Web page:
Magazine reach is dipping but newspapers are holding fast

Vividata's spring survey does show, however, that younger Canadians have increased readership since the pandemic began.

A new survey from Vividata shows that magazines are reaching fewer Canadians than in previous years.

According to the consumer reach firms’ Spring 2021 Survey of the Canadian Consumer, in an average week, just under eight in 10 Canadian adults read or access magazine and newspaper brands, be it through print or digital platforms, roughly in line with last year’s results.

But looking just at magazines, just over eight in 10 Canadians have accessed magazine content in some way over the last three months – a decline from last year, when magazine brands had a reach of nine out of 10 adults across the country. Food, travel and health magazines remain the most popular among Canadians.

While 52% of magazine readers are reading exclusively via print, that’s a slight dip from 57% who were doing the same last year (which was itself a six percent dip from the year before that). Just over half of readers access at least some content through their mobile device, while 83% read print, whether on its own or in combination with their digital devices.

When it came to advertising, 33% of magazine readers searched online for a product they had seen in a magazine, while 17% made a purchase based on an advertisement they saw. Fifteen percent of readers made a purchase with a coupon they found inside a magazine.

While overall consumption was down, one in four Canadians reported that they had increased the frequency at which they read magazine content, with younger generations leading that charge (33% of Gen Z and 27% of millennials).

The survey also showed newspapers reach 69% of Canadians in an average week, roughly in line with 70% who said the same last year. Many major urban centres, however, had comparatively lower reaches, namely Vancouver (61%), Montreal, Hamilton and Toronto (62%).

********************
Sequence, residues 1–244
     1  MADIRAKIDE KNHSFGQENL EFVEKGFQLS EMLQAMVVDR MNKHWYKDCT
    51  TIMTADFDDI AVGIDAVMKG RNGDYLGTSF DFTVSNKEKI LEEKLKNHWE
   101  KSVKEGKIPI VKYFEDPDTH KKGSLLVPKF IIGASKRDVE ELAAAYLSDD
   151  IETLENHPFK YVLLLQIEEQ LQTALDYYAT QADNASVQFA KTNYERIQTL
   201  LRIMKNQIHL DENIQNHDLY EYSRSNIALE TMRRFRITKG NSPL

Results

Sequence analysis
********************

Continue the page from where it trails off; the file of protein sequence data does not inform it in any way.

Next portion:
Compared to magazines, newspaper readers were more likely to access content through a mobile device: only 30% read through print exclusively, with 56% reading at least some content through mobile. But print still has a role, with 58% reading print, either on its own or in combination with at least one digital device.

Newspapers and news apps were the second-most trusted sources for information for individuals looking for updates during the COVID-19 pandemic, behind healthcare workers.

Unsurprisingly, digital readership goes up the younger a reader is. However, among Boomers and pre-Boomers that do access digital content, they are more likely to seek it out directly from a news brand – younger generations are more likely to access news content after discovering it through search engines or social media links.

The findings for community newspapers are similar to spring 2020, reaching 41% of Canadians on a weekly basis, though British Columbia (54%) and Ontario (43%) had a comparatively higher reach.

But the study also found that weekly readership is stronger in smaller markets – 49% in towns with a population of under 100,000 – and increases with age. One in three readers also receives and uses flyers found in the papers to plan their purchases, mostly for grocery shopping.

The study polled 30,143 Canadians across all 10 provinces.